Iowa wrestling takeaways: Spencer Lee’s 'funny' history with Michigan's Drew Mattin, Kaleb Young and the Arctic Plunge

Cody Goodwin
Hawk Central

IOWA CITY, Ia. — Spencer Lee will get a chance to wrestle another true freshman phenom this Saturday in Michigan’s Drew Mattin. As it turns out, they actually have somewhat of a history.

“He’s from Delta, Ohio, and we’ve grown up together,” Lee said Wednesday. “Funny story, I was at Schoolboy Nationals, and I got ridiculous cauliflower ear. I was 12. I went to the trainers, and they just looked at it and said, ‘I can’t help you,’ then took a picture and walked away.

Iowa's Spencer Lee pins Michigan State's Rayvon Foley as they wrestle at 125 pounds at Carver-Hawkeye Arena on Friday, Jan. 5, 2018.

“(Mattin’s) dad is a doctor. I remember him putting me on a lunch table, and my dad went and got a needle and a few other things. He drained my ear and wrapped it. His dad was the first guy to drain my ear. It’s kind of funny, now that we’re both wrestling in the Big Ten.”

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And both have climbed the ranks at an extremely deep weight class. Lee, of course, is 3-0 since his redshirt was pulled, his latest victory a 3-2 decision over Ohio State’s Nathan Tomasello, then the No. 1-ranked wrestler at 125 pounds.

Mattin has also turned in a stellar freshman campaign. He enters Saturday night’s dual at Carver-Hawkeye Arena at 16-6 overall after his 4-2 win over Minnesota’s Ethan Lizak, a returning NCAA finalist. He’s now ranked 13th in Trackwrestling’s latest Division I poll; Lee is No. 3.

Both Lee and Mattin are showing that true freshmen are entering college perhaps more prepared than ever to wrestling at the highest level. Lee obviously has his credentials, but so, too, does Mattin, who won the 2017 Junior Freestyle national title just last summer (where he actually beat Underwood’s Alex Thomsen, 12-11, in the semifinals).

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“I think there’s a difference now with club teams having awesome coaches that may not have been there back in the day,” Lee said when asked about the trend. “The difference between high school and college was such a big jump that most guys redshirted.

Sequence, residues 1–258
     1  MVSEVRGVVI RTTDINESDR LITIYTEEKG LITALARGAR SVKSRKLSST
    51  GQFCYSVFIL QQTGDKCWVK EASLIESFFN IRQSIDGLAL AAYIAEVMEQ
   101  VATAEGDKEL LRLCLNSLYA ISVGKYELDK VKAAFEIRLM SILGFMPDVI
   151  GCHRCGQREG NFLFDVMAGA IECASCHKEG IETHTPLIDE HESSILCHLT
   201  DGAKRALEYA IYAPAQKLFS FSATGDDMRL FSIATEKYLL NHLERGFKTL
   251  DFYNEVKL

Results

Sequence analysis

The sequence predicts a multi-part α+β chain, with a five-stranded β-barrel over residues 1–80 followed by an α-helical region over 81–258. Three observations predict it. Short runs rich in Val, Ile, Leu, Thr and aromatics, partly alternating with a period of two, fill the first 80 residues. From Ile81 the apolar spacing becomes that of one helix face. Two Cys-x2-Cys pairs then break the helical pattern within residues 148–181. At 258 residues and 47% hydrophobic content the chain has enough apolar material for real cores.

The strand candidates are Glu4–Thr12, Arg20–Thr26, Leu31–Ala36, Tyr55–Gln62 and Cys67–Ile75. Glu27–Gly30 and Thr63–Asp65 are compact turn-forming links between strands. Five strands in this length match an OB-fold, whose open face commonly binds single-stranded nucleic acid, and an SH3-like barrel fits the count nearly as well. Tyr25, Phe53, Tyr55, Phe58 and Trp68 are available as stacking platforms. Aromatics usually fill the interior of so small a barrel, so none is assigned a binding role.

“I don’t know how many true freshman national champs there’s been, but I bet you there’s a lot more redshirt freshman national champs because of that one year difference. Now with these big-time clubs, the gaps are closing.”

Iowa, ranked third in Trackwrestling’s latest poll, hosts No. 7 Michigan on Saturday at 5 p.m.

Young getting a chance at 174?

Kaleb Young got the nod on Sunday to wrestle Ohio State’s Bo Jordan. Young lost 10-5, but showed plenty of fight that ultimately led to a takedown in the third period to help stave off a potential major decision.

On Tuesday, Brands discussed why Young, a redshirt freshman, was given the opportunity over Joey Gunther, the team's regular 174-pounder.

Iowa's Kaleb Young wrestles Buffalo's Derek Holcomb at 165 pounds at Carver-Hawkeye Arena on Friday, Nov. 17, 2017. Young won by major decision, 12-4.

“I know that Joey Gunther has a lot of scoring potential,” Brands said, “and I know that we haven’t seen it, but I know it’s there. It was for two reasons. We’ll see what Kaleb Young can do. We’ll rest Joe Gunther (against Ohio State) and we’ll see where it goes.”